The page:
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Commissioning dilemma: Your patient wants a treatment your consortium isn’t providing

Your patient has asked for a treatment that my consortium has decided not to provide, but you believe it is clinically appropriate. What options are available to you? Dr Nick Clements offers GPs his expert advice

Your responsibility is to your patient, and to provide the best treatment and care that you can, within the constraints and resources available to you. Where resources are unavailable or inadequate, you should base your decision on the underlying principles of efficiency and efficacy, fairness, justice, and a doctor’s duty to protect life and health.

The patient should have the position explained clearly to them, in an objective manner. You should be careful not to allow your personal views to lead you into making comments that could be taken to be unfounded or malicious, that may undermine patient trust in the care and treatment they receive, or the judgement of those treating them.

If the consortium offers an appeals process in respect of treatment decisions, you should explain this to the patient, and provide details as well as any support you feel is appropriate. If you believe that patient safety is or may be seriously compromised by the consortium’s policy, then you should follow GMC advice in “Raising Concerns About Patient Safety – Guidance for Doctors” (November 2006).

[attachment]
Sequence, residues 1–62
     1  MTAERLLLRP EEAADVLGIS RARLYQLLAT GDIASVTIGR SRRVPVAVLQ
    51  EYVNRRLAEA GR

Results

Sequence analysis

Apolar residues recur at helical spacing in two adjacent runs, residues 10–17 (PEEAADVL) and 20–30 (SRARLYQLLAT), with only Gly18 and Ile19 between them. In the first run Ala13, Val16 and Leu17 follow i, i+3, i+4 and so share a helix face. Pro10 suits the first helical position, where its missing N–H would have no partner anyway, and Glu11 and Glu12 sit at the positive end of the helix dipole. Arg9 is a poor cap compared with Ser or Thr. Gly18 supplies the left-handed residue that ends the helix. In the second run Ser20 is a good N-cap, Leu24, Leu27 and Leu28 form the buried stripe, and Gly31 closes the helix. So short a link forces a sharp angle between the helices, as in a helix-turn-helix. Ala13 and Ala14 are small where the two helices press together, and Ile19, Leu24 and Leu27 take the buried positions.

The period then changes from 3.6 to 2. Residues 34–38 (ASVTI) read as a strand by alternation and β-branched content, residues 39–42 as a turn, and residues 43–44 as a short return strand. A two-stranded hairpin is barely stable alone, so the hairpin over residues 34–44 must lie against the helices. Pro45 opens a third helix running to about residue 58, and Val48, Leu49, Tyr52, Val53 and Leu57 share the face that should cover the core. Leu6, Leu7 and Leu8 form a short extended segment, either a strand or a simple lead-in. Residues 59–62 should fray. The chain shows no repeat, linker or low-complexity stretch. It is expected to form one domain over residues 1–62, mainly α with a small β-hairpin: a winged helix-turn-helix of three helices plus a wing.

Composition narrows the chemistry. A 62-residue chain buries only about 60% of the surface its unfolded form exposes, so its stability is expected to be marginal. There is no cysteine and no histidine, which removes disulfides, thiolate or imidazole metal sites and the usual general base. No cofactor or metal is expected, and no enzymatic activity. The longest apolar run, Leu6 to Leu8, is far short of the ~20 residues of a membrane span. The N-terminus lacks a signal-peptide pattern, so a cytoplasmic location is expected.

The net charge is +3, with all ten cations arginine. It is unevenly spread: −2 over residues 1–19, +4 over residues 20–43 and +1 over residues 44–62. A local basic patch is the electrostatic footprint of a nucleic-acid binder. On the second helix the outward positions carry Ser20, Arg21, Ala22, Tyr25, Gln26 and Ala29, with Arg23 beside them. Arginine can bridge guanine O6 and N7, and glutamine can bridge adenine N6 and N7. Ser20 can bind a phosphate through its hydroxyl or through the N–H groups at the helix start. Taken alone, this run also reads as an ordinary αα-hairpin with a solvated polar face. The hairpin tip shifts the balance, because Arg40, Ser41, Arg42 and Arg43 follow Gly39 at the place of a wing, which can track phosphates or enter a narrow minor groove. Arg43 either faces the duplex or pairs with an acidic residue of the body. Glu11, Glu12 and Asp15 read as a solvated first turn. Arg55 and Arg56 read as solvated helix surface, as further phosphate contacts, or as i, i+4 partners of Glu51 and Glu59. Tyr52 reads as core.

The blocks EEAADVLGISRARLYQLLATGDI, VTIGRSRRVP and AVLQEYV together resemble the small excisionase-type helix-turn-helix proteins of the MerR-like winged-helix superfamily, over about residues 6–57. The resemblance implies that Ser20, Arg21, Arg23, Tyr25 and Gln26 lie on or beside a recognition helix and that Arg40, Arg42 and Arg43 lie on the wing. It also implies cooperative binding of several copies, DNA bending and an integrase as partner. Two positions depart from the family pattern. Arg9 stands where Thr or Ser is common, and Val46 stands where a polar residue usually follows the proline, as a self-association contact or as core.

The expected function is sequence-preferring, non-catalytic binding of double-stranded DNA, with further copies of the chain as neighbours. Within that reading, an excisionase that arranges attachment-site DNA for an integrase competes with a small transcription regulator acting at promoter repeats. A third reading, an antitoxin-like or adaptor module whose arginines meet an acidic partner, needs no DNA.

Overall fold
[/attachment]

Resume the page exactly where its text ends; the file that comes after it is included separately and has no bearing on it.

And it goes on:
In particular ensure that you concerns are drawn to the attention of the consortium. You should be clear, honest and objective, and keep a record of both your concerns and the steps taken to try to resolve them. If the consortium has a procedure in place for this type of issue, then make sure you follow it.

If you are unable to resolve the matter, you should seek further advice, for example from a senior colleague, your Medical Defence Organisation or other professional association.

Dr Nick Clements is head of Medical Services in Leeds at the Medical Protection Society

Dr Nick Clements